For years the West and even in India the successive governments were projecting the Berelvis as a moderate Islamic group and sought their help to project a moderate view of Islam. But events have proven that they are not far behind in instrumentalising violence. The Barelvi School attaches importance to the veneration of Prophet Muhammad and believes that a true Muslim is an “Ashiq-e-Rasool” (One who loves the Prophet). Therefore, anything that is considered disparaging to the Prophet is considered an act of blasphemy.
France became one of the TLP’s targets when the Charlie Hebdo trial started in September 2020. The gruesome massacre of 12 people at the satirical weekly’s office in January 2015 was the first major incident in a wave of Islamist violence in which more than 250 people have since been killed in France.
A month after the start of the trial, France was shaken by the October 16 beheading of teacher Samuel Paty by a Chechen Islamist militant outraged by his decision to share Charlie Hebdo’s controversial cartoons of the prophet Mohammed in a class discussing freedom of expression. Paty showed the images to his civics class while emphasising that students could choose not to look at them if they were offend”France rebuffs Pakistan
In response to Paty’s murder, President Emmanuel Macron vowed that France would never give up its liberal Enlightenment values, including the right to mock religion. He hailed the slain teacher as a “hero” for representing the secular, free-thinking values of the French Republic. France has a long tradition of caricatures taking on political and religious authorities – including Charlie Hebdo’s mockery of Catholicism.
The weeks that followed saw mass protests in Muslim countries – with people taking to the streets and burning French flags and images of the French president. In Pakistan, the TLP played a central role in fomenting the demonstrations. The party demanded that Pakistan sever diplomatic relations with France and send the French ambassador, Marc Baréty, packing.
The Pakistani government signed an agreement with the party to convince it to dial down the protests – agreeing to the boycott of French products and promising a parliamentary vote by April 20 on expelling the French ambassador.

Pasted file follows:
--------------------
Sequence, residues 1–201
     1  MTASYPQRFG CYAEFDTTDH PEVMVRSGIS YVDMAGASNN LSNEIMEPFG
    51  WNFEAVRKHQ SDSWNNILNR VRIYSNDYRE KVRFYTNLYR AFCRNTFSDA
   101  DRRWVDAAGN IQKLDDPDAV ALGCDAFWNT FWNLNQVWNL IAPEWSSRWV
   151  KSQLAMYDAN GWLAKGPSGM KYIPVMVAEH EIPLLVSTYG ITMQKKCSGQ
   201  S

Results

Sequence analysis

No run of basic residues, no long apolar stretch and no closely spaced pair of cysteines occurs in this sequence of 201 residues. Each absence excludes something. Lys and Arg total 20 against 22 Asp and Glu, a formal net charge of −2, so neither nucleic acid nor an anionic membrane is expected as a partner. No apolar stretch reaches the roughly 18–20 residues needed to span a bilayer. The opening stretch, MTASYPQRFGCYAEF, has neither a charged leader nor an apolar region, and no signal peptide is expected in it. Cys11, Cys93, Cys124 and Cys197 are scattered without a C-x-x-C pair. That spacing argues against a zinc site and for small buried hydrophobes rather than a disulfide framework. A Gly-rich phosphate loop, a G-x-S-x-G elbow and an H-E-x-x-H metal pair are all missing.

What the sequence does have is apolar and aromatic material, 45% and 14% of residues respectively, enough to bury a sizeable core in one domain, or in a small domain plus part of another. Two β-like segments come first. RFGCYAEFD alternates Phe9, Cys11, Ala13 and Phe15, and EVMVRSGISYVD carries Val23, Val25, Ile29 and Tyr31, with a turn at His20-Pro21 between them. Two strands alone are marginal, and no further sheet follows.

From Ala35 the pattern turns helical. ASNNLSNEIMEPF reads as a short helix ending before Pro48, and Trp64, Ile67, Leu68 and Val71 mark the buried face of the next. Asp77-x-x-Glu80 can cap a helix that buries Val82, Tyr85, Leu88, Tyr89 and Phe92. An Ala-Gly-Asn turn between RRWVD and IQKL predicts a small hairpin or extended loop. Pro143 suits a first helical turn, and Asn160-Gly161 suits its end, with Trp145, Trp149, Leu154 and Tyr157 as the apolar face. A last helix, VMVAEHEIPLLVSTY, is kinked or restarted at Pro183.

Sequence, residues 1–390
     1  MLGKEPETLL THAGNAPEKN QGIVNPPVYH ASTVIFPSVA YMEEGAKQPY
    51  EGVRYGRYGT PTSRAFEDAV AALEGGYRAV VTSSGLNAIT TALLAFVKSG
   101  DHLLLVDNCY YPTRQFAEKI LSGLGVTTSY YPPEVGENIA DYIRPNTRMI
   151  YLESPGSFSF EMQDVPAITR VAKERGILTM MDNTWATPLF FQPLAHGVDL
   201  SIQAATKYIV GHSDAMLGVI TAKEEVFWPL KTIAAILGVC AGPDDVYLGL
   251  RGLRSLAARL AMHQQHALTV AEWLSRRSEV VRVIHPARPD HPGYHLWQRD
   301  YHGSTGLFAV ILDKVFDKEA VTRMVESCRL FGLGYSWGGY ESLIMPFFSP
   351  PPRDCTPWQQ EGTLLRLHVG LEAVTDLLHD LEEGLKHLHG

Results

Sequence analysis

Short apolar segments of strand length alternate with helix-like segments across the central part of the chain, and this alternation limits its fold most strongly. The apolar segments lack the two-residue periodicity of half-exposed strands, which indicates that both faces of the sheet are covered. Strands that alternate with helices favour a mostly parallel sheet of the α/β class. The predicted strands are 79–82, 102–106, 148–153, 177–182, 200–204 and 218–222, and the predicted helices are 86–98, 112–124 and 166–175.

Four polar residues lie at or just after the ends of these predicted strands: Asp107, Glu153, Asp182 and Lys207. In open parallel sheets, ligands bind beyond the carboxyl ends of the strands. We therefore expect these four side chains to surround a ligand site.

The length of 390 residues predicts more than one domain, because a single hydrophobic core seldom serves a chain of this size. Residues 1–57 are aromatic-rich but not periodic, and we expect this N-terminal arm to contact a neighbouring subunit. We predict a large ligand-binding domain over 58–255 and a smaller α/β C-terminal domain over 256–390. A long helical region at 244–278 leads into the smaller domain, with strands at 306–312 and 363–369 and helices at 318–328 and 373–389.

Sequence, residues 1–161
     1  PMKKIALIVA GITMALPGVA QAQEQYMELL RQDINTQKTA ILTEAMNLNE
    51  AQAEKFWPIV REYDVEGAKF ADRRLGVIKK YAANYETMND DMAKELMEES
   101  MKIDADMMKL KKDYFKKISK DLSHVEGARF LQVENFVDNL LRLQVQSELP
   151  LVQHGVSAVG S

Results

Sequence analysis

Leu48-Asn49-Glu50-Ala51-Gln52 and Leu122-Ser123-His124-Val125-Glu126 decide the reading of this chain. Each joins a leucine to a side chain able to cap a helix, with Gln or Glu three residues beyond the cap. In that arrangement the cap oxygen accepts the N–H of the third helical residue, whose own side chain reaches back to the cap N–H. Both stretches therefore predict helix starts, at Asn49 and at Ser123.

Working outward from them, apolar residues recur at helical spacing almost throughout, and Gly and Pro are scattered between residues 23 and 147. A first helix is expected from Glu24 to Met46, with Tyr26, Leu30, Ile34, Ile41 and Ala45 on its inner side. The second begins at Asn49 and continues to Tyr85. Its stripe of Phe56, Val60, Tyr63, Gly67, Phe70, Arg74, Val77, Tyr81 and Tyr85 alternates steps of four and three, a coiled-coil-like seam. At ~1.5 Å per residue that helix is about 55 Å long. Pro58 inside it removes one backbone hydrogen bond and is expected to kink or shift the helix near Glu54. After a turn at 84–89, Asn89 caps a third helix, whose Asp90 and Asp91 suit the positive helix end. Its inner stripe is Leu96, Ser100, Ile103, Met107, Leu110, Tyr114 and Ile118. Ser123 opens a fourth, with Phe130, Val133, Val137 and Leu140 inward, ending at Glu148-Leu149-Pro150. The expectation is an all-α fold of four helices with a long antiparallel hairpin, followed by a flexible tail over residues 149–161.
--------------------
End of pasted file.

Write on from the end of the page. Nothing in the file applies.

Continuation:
But as that deadline approached, Islamabad distanced itself from the TLP – a position underscored by Rizvi’s arrest on April 12. More than 200 TLP activists were arrested during the subsequent clashes with police. At least two police officers were killed and at least 340 people were wounded.
The Islamist party then gained international notoriety in 2018, when the Asia Bibi affair hit the world’s headlines. A member of Pakistan’s persecuted Christian minority, she was arrested in 2010 for alleged blasphemy and spent eight years on death row until she was acquitted. In response to her acquittal, the TLP organised mass demonstrations calling for her to be sentenced to death.
In the light of the above developments, the EU resolution attains considerable significance.
The resolution also calls on the Government of Pakistan to “unequivocally condemn” incitement to violence and discrimination against religious minorities in the country and expresses “deep concern” at the prevailing anti-French sentiment in Pakistan.
The EU Parliament “calls on the Commission and the European External Action Service (EEAS) to immediately review Pakistan’s eligibility for GSP+ status in the light of current events and whether there is sufficient reason to initiate a procedure for the temporary withdrawal of this status and the benefits that come with it, and to report to the European Parliament on this matter as soon as possible”, according to the resolution.
Member of European Parliament (MEP) Charlie Weimers of Sweden, who co-authored the resolution, in his speech during the parliament’s latest session cited various incidents of members of religious minorities killed or imprisoned in Pakistan over accusations of blasphemy.
“Pakistan’s Prime Minister Imran Khan, rather than defend his citizens’ human rights against false accusers, […] equated denial of the Holocaust and genocide to criticism of Islam’s Prophet (PBUH),” he said in his remarks.

EU resolution expresses concern
The EU resolution expressed particular concern regarding the case of couple Shagufta Kausar and Shafqat Emmanuel, who were sentenced to death on blasphemy charges in 2014. These charges emanated from the alleged sending of text messages disrespectful of Prophet Muhammad (PBUH) from a phone number registered to Kausar to the person accusing the couple of blasphemy.